July 2022 Handgrenade, The Boy from Ohio

John T Kuehn's picture

Hoary Myths About the Boy from Lorain Ohio

July 2022 Handgrenade.

John T. Kuehn

 

The boy referred to is E. J. King.   Probably the most popular myths refer to his personality, much of it coming from what would be considered hearsay evidence in a court of law, but if everyone is saying the same thing must be true, right?  Except many of them’s that’s doing the saying were folks whose agendas did not align with King’s,   U.S. Army and British military types being foremost.   Sometimes I think FDR put (and kept) King where he did as a foil to these folks, who constantly patronized and pandered to him.  Hard to say, but that is a myth for another day.

The main one today is the one about the Battle of the Atlantic and King’s handling, in particular, of Operation DRUMBEAT by the Germans in 1942—80 years ago.  This was the German sub offensive off the East Coast of the United States and in the Gulf of Mexico that brought the war to the very doors of America.  The tired myth, or rather trope, is that King and by extension the Americans, were too arrogant to learn from the British experience of the first THREE years of the war. This is often said without context, and ignores the fact that King had been heavily involved in the Battle of the Atlantic before war came in December 1941 formally to the United States. This was because King was the first commander of the new Atlantic Fleet and thus was executing the neutrality patrol operations involving convoys in the north Atlantic and neutrality patrolling short of war by ships like USS Greer and USS Reuben James.

              As for the reaction to DRUMBEAT,  retired Commander (or did he retire as a captain) Ken Hansen, of the Royal Canadian Navy came to King’s unlikely defense several years ago with a brilliant paper, later published, at the Annapolis Naval symposium, now the McMullen Naval symposium, held every two years at that locale on the grounds of the Naval Academy.  Bottom line, he does a fine job of showing all the factors at play, including the Germans getting in a good blow, but also looking at what convoying would require in 1942, that busy busy key year of WW II.   Hansen does have SOME criticism for King--no one is mistake free, even Ernie King--but they are minor, and he identifies the unexpected shock of medium and long range U-Boats essentially pulling off a “black Swan” event that none of the Allied intelligence organizations provided any indications and warning (I&W) about.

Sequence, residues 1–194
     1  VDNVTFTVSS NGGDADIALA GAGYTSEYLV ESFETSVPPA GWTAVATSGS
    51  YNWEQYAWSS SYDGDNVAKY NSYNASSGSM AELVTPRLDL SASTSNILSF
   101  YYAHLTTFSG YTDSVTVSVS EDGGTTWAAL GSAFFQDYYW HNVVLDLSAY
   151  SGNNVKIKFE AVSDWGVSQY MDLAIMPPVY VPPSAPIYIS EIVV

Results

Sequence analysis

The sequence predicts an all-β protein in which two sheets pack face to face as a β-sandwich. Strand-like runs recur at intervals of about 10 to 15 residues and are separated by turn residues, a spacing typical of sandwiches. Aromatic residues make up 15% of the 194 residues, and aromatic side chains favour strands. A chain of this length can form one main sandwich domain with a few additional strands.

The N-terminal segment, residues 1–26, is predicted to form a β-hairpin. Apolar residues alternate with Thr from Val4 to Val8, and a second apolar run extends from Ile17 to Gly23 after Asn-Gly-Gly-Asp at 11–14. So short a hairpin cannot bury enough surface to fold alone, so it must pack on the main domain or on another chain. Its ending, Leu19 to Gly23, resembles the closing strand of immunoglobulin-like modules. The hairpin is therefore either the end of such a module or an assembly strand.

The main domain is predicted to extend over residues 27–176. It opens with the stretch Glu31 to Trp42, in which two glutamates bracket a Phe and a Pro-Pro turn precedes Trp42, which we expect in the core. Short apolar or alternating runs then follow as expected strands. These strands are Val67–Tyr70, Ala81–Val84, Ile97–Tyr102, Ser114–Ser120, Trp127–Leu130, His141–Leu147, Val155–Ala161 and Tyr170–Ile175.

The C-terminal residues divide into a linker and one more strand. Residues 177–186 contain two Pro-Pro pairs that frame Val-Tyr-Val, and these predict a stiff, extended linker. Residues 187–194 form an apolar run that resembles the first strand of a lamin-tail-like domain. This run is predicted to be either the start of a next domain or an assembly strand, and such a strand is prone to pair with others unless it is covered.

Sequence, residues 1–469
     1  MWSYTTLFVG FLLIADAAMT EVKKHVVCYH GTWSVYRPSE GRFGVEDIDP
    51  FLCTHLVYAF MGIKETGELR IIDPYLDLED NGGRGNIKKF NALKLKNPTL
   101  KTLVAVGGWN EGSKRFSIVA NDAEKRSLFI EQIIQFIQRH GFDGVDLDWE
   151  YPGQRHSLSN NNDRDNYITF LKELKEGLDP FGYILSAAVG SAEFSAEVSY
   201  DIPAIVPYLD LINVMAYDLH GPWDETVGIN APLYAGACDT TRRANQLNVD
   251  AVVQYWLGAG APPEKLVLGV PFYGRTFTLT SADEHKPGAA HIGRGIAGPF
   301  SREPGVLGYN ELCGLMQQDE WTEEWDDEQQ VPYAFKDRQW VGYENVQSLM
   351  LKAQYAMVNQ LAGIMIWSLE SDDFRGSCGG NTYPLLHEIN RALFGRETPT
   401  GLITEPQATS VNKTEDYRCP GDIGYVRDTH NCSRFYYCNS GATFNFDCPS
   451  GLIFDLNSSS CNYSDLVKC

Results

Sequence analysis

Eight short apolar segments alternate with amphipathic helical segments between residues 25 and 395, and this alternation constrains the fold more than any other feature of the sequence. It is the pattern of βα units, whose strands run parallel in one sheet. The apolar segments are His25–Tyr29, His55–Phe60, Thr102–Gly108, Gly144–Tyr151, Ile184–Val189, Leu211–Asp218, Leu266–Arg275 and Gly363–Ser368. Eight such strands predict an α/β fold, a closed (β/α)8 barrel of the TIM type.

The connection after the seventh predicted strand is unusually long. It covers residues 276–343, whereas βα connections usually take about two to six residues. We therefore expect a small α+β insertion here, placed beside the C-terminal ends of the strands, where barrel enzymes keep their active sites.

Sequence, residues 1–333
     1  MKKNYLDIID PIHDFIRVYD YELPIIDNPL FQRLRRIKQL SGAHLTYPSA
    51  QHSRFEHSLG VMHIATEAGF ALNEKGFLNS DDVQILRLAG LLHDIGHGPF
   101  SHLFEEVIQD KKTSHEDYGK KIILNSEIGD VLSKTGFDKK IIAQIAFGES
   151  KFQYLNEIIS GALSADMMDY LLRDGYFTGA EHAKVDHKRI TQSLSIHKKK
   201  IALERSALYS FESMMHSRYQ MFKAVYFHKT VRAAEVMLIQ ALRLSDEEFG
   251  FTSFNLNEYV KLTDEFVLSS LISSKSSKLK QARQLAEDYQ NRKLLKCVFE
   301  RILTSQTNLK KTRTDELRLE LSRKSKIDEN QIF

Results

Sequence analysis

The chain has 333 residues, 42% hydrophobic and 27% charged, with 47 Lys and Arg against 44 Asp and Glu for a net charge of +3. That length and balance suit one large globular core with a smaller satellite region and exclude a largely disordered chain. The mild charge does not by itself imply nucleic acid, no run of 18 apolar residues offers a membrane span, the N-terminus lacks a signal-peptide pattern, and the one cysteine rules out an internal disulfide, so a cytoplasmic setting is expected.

But the hoary criticisms continue.  The other key piece is that convoying does not JUST happen,  it has to be implemented and this takes time, allocation and movement of assets like ships, which require time to sail and group and then go forth, and creation of command and control structures.  Often the comeback is,  “that should all of have been ready on December 8th”—and does not take into account Congress asking why are we doing all this if we are NOT at war?  Interestingly, in addition to advocating for more escort vessel construction from his perch on the General Board, King pressed for the unification of the USCG and USN for the formation of roving ASW task forces in the vicinity of convoys during 1940 and 1941.  King also pushed his contacts in the shipbuilding industry to ramp up their efforts to prepare.[1

Nuff said, let the King (and Kuehn) bashing and gnashing begin.

 

[1] Much of my information regarding the myths about King came from your unpublished manuscript by David Kohnen of the Naval War College on King and the Navy of the first of half of the 20th century that I reviewed and recommended for publication.  Kohnen also has considerable information on King in his fine anthology of Dudley Knox’s writings in  21st Century Knox, published by Naval Institute Press.

Oh, this should be fun.

But first, where can we get a copy of the Ken Hansen, Royal Canadian Navy, paper? Thanks.

I agree with you about those who blame King for the failures in 1942. My only acquaintance with the issue is from Cohen and Gooch (Military Misfortunes) and Morison. The matrix Cohen and Gooch constructed to explain the levels of military misfortune is instructive in this case, which they characterize as a "failure to learn."
I think that most critics ignore the conflicts between the Navy and the Army over coastal defense and the role of air power as well as the career enhancing ability of ASW in the Navy mirrors the conflicts in the UK over this issue. Was ASW career enhancing in the RN as well as the question of roles and missions in the RAF (between Coastal Command and Bomber Command).
It seems to me that the entire issue rests on constructing doctrine, logistics (constructing the appropriate types of ships and aircraft) and personnel. This took time and learning and applying lessons did not occur at the speed the critics would have liked.

Lew Bernstein

I happen to have been reading a lot about the anti-war sentiment in the US, and it's easy to forget how strong it was. Congress knew that FDR was trying to plan for war, and many believed he was repeating what they saw as the errors of Wilson, so I think your point about what the Congressional response would have been is compelling.